EAST ROCKHILL – While it's not always possible to tell exactly where a person contracted COVID-19, it appears that only two of the more than 100 Pennridge School District students and staff who tested positive since the start of the school year got the virus at school, the district says.

“The vast majority of our cases are from outside of the schools,” Superintendent David Bolton said in a telephone interview.

“It does seem to indicate that our health and safety plans are in fact working to keep people safe while they're here at school,” he said. “And that's one thing we continue to monitor because we do want to make sure that the schools are safe for our students and our staff based on the protocols we've put in place.”

As had been expected, there was an upward spike in the numbers the week after Thanksgiving, he said.

Increases were also reported in Bucks County and across the state.

The Pennridge dashboard, which can be viewed on the district's website, pennridge.org, showed 42 new positive test results, including 28 at the high school, the week after Thanksgiving. That brought the total for the school year thus far to 109. On Dec. 7, another nine cases were added.

Some of the spike was from an actual increase in the number of cases, but some was because the figures are based on the date when the district receives the information that the student or staff member tested positive, Bolton said.

During Thanksgiving week, the schools were only open two days, “which means there were many cases that following week that were reported to us, but they really happened during Thanksgiving week,” he said.

With the spiking numbers, there have been questions about whether schools should be closed and how the decision is made to close schools. Pennridge has not closed its buildings nor has it changed the options being offered students, which are hybrid or full-time remote at the high school; full-time remote or full-time in-class for middle school students; or full-time remote, full-time in class or hybrid for elementary students.

There are two parts to the decision on whether to close a school building, Bolton said.

The first is the new state order issued on Nov. 23 that gives metrics based on the size of the school and the number of COVID-19 cases at the school, he said.

If the number of cases is more than the number allowed under the order, Bolton said, “You have to stay remote until the district is able to investigate the cases, they're able to clean and disinfect the spaces, and the Bucks County Department of Health is able to conduct contact tracing for the cases outside of the school.”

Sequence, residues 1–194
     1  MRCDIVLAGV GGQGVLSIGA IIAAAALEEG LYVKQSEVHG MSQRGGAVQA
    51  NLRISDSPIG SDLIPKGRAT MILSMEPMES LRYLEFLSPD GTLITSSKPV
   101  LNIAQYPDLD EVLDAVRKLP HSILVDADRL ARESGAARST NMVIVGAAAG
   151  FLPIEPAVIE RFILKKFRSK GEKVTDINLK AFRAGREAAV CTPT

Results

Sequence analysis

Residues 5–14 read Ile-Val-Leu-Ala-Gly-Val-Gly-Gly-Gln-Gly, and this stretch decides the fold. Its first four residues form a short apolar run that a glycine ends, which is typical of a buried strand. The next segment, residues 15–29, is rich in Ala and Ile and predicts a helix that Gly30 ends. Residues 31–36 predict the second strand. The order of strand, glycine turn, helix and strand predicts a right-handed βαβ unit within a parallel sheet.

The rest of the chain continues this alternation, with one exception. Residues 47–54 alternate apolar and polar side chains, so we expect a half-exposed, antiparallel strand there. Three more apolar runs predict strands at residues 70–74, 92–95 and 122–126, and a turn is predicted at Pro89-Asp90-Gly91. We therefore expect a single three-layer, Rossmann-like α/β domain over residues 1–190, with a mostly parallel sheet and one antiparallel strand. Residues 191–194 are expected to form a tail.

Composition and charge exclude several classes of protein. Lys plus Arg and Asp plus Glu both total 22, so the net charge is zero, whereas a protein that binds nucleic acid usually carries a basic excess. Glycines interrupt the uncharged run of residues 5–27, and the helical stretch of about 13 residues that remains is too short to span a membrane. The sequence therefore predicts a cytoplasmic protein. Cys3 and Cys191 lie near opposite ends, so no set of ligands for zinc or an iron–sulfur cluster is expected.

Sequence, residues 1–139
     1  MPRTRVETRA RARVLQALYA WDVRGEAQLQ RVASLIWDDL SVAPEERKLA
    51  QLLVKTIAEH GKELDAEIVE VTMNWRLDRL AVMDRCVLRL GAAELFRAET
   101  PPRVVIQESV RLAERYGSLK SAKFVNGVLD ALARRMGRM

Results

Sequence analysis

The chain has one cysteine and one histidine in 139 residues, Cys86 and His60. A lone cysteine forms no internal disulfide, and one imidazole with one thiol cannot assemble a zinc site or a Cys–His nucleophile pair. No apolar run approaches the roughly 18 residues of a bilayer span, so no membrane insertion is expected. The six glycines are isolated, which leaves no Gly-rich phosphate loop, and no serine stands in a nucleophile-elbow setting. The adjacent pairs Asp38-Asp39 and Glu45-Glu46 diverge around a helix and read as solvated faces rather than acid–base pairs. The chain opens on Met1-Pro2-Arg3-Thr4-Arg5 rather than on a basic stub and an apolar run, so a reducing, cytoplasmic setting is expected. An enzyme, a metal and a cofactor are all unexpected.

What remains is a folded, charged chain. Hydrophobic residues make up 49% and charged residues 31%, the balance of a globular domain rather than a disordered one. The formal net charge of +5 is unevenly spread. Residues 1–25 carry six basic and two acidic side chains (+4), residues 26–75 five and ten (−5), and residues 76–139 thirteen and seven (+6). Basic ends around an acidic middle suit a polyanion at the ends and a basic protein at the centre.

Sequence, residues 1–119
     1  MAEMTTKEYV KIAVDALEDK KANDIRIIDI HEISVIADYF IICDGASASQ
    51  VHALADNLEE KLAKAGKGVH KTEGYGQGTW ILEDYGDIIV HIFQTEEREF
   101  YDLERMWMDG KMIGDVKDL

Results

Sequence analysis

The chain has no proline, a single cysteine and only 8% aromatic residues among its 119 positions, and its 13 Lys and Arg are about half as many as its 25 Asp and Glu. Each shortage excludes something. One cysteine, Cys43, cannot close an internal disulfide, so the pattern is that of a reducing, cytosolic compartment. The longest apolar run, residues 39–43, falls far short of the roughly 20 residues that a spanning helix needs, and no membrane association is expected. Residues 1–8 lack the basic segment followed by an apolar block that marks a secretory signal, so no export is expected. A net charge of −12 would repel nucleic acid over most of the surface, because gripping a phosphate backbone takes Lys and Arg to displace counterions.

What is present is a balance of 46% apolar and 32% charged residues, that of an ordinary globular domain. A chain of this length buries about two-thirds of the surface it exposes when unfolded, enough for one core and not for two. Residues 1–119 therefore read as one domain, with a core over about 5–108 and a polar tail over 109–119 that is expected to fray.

What many people don't realize, though, is that the state order doesn't apply to all the positive tests, he said.

“The state order only includes cases where the individual was at school, or involved in a school activity, on or after their onset date. This means that many of the cases reported across the district do not apply to the state order,” the district wrote in information emailed to parents.

The district numbers, meanwhile, include all the students and staff who have tested positive.

“Families get emails and they think how come the school isn't closing and it's because those cases, or many of those cases, have not impacted the school community and so they don't count against the state order,” Bolton said. “That's been the most confusing thing. That's the number one question I've been getting from families and even staff members.”

To help clarify the situation, the district added a new “State order case count” column to the dashboard, listing the number of district cases that would fall under the state order. On the night of Dec. 7, there were no district cases in that category.

The other thing the district looks at when it starts considering closing a building, all the buildings or in-school learning for a group, such as a particular grade level, is whether there is intra-school spread, Bolton said.

“You start looking for patterns as to whether a certain grade level or a certain building is seeing an impact based on school spread,” he said.

The dashboard gives a count of all the district students and staff that have tested positive, including ones who are doing remote learning and are not in the school buildings.

“We made the commitment from the very beginning to report any case that involved a Pennridge employee or a Pennridge student, regardless of the academic model,” Bolton said.

Parents continue to be given the choice of which learning option their child will receive, he said. Since the beginning of the school year, about 500 have switched to a different option.

“In September and October, we had about 300 and the vast majority of those were coming back to school, so they were families who were either full-remote or hybrid and looking to change to more face-to-face,” he said. “Since November and the increase of cases in the community, we've had about 200 requests and about 60 percent of them have been in the other direction to ask for full remote.”

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